There is a wide range of information on dams and other public works at the NMSL.
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The Dam Safety Bureau ensures that dams in New Mexico are designed, constructed, operated, and maintained as safely as possible. Dams that equal or exceed 25 feet in height, which exceed 15 acre-feet of storage or dams that equal or exceed 50 acre-feet storage, which equal or exceed 6 feet in height are under the jurisdiction of the State Engineer. Of the more than 600 dams in the state, nearly 300 dams have jurisdictional status.
Image from the National Inventory of Dams (NID) which includes dams more than 25' in height or storing more than 50 acre-ft, or classified as HH or SH potential
The ASCE Committee on America’s Infrastructure, made up of 28 dedicated civil engineers from across the country with decades of expertise in all categories, volunteers their time to work with ASCE Infrastructure Initiatives staff to prepare the Infrastructure Report Card. The Committee assesses all relevant data and reports, consults with technical and industry experts, and assigns grades using the following key criteria: capacity, condition, funding, future need, operation and maintenance, public safety, resilience, and innovation.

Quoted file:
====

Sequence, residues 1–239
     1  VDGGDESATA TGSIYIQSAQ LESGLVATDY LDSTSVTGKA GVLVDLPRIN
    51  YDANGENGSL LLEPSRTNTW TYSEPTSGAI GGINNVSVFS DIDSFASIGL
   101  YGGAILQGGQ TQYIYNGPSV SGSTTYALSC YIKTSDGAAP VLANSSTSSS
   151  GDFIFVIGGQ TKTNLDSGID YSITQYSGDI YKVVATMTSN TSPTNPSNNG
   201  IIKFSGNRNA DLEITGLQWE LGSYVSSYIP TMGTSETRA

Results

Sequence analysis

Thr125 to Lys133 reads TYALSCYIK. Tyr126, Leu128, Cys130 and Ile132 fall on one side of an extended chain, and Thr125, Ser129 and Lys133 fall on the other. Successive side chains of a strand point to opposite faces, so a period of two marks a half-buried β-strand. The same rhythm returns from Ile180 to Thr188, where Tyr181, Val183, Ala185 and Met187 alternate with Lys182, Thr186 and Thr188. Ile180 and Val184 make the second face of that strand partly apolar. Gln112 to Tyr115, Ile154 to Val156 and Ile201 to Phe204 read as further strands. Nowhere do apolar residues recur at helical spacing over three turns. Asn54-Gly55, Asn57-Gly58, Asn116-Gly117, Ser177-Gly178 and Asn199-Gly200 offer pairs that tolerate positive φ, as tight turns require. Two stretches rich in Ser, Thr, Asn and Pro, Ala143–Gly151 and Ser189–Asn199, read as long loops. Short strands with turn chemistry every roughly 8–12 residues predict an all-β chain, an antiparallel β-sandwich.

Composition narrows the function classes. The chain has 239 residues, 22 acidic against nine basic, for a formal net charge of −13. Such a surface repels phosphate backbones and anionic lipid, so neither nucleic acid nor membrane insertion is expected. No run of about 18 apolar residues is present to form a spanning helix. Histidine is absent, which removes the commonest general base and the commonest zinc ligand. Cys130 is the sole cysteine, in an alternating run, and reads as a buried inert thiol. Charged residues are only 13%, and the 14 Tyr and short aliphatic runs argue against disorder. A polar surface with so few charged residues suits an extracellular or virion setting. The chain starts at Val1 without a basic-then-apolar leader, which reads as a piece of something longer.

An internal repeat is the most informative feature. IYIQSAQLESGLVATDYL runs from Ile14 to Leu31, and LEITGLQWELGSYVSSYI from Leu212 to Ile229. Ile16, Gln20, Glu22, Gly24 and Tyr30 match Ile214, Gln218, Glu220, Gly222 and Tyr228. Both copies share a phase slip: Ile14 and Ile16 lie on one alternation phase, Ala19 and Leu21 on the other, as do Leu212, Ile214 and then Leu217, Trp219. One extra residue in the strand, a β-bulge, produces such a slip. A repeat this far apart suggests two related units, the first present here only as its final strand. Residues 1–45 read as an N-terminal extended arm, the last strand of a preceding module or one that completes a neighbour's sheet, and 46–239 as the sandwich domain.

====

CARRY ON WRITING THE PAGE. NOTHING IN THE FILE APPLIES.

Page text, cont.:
Bureau of Reclamation is best known for the dams, powerplants, and canals it constructed in the 17 western states. It has constructed more than 600 dams and reservoirs including the Hoover Dam on the Colorado River and the Grand Coulee on the Columbia River. They are largest wholesaler of water in the country. The Bureau of Reclamation brings water to more than 31 million people and provides one out of five Western farmers (140,000) with irrigation water for 10 million acres of farmland that produce 60% of the nation's vegetables and 25% of its fruits and nuts. It is also the second largest producer of hydroelectric power in the United States with 53 powerplants that annually provide more than 40 billion kilowatt hours generating nearly a billion dollars in power revenues and produce enough electricity to serve 3.5 million homes. They maintain a Projects and Facilities database that includes detailed reviews with considerable attention paid to history, costs, beneficiaries, engineering, water data, and productivity. Pages on individual projects, dams, and power plants can be found by selecting off of alphabetical and state listings, and flat maps.
The goal of the NID is to include all dams in the United States that meet specific criteria, yet in reality, it is limited to information that can be gathered and properly interpreted with the given funding. The NID initially consisted of approximately 45,000 dams, which were gathered from extensive record searches and some feature extraction from aerial imagery. Since continued and methodical updates have been conducted, data collection has been focused on the most reliable data sources, which are the many federal and state government dam construction and regulation offices. The NID is published every two years.